✪✪✪ To Kill A Mockingbird Justice Analysis
In the aftermath, both To Kill A Mockingbird Justice Analysis and the sheriff realise what has happened, but To Kill A Mockingbird Justice Analysis to fabricate a story that Ewell fell on To Kill A Mockingbird Justice Analysis own knife, rather than subject Boo Radley to an investigation that, even if it would probably To Kill A Mockingbird Justice Analysis to To Kill A Mockingbird Justice Analysis exoneration on the grounds of justifiable homicide, would drag iambic pentameter romeo and juliet reclusive man into the limelight. For An African American in To Kill A Mockingbird Justice Analysis s, publicly admitting To Kill A Mockingbird Justice Analysis court to feeling pity Galileo Letter To The Grand Christina Analysis a white woman was overstepping societal bounds. MayElla Ewell recently accused Tom of raping her, and Atticus would have to prove otherwise. Layered Narration. The novel explores the themes of prejudice, justice, Warnings In Julius Caesar Essay innocence.
To Kill A Mockingbird - Essay Topic Breakdown
But within that broad consensus, there was a fascinating variety of opinion. I was particularly impressed by the analysis of the novel's commentary on the rule of law. The comment that started this discussion, from Amtiskaw , more than deserves to be quoted in full — with the caveat that you may not want to read it, if you haven't yet reached the end of the novel. It deals with the conclusion in detail:. The evidence in favour of Tom Robinson and against Bob Ewell is overwhelming Ewell is not on trial, but Atticus essentially constructs his defence case as a prosecution against the other man. In the end, the jury convicts Robinson, choosing to deliberately ignore the evidence and the proper course of justice because it conflicts with their bigoted morality.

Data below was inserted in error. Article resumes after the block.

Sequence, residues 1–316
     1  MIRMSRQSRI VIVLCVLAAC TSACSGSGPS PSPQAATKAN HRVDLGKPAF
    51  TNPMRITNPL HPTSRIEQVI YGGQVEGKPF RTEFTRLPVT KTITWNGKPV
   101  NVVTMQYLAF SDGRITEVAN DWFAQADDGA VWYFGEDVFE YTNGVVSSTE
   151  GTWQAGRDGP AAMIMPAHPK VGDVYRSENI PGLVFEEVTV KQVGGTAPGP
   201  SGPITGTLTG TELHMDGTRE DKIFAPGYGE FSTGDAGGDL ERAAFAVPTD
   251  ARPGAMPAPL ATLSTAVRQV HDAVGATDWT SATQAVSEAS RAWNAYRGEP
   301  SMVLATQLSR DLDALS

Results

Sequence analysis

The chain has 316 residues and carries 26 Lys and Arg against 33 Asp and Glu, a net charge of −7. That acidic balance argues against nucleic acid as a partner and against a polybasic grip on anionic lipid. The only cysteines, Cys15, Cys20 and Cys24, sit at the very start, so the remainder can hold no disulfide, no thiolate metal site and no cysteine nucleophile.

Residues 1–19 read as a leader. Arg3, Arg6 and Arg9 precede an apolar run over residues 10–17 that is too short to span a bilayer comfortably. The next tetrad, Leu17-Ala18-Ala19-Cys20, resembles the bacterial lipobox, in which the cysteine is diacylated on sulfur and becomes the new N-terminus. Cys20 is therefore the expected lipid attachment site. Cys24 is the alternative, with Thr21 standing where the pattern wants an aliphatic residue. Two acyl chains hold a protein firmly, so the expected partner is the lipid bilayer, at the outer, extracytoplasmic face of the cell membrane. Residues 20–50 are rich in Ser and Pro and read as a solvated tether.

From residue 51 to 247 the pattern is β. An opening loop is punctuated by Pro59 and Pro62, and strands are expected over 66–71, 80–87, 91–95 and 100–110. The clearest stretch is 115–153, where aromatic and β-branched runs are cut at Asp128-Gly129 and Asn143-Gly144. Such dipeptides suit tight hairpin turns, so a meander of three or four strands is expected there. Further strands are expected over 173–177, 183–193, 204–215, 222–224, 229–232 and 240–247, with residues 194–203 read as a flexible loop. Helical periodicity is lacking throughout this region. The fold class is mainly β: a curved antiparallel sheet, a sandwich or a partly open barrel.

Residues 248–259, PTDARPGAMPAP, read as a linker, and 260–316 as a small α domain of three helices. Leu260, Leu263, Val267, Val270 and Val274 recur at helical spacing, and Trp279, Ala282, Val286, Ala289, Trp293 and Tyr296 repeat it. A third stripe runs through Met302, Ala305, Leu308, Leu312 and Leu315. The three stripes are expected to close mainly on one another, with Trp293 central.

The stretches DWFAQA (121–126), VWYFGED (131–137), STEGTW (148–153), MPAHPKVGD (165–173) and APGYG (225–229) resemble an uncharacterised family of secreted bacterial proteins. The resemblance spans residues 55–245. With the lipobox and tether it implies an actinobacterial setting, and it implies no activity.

The secondary plot of the novel concerns Boo Radley, a neighbourhood recluse who, at the novel's climax, intercepts and kills Bob Ewell in order to prevent him taking revenge on Atticus by attacking and perhaps murdering his children. In the aftermath, both Atticus and the sheriff realise what has happened, but agree to fabricate a story that Ewell fell on his own knife, rather than subject Boo Radley to an investigation that, even if it would probably lead to his exoneration on the grounds of justifiable homicide, would drag the reclusive man into the limelight. The book portrays the latter decision as an attempt to protect an innocent person rather than condemn him, and leads to the metaphor of the book's title, where to kill a mockingbird is to deliberately destroy something innocent, which suggests the author agrees with the decision.
However, there is still an uncomfortable parallel between the actions of Atticus and the sheriff in protecting Boo Radley, and that of the jurors in the Tom Robinson trial. All are participants within a criminal justice system with a responsibility to the truth, but who choose to ignore it in order to achieve what they consider the "right" result, based on their personal morality. We sympathise with Atticus and the sheriff's morality, while finding the racist townsfolk's [morality] reprehensible, but does that make the decision of the former OK?
Both conspire to pervert the course of justice, but we are prompted to absolve one but condemn the other based on our own prejudices. For me, this the book's greatest flaw: despite featuring a criminal trial with a lawyer as a central character, it fails to grasp that blind justice cuts both ways, and you can't pick and choose which biases are right or wrong. Morality should be enshrined in the law and applied impartially to all through public mechanisms such as trials, not privately or subject to the whims of individuals.
Even if it doesn't always result in the best outcome for people like Boo Radley, it is the best system for giving the fairest outcome in the most cases. Fascinating as this post is, I don't entirely agree. I don't see the Boo Radley dilemma as a "flaw" in the novel. Doesn't it just add another layer of ambiguity and interest? Leaving Boo Radley to retreat back into his exile is an emotionally satisfying ending — and as Amtiskaw points out, it chimes well with the novel's title and the idea that you should leave the rare and harmless bird alone. However, the decision to let Boo retreat back into the shadows isn't just a Hollywood conclusion.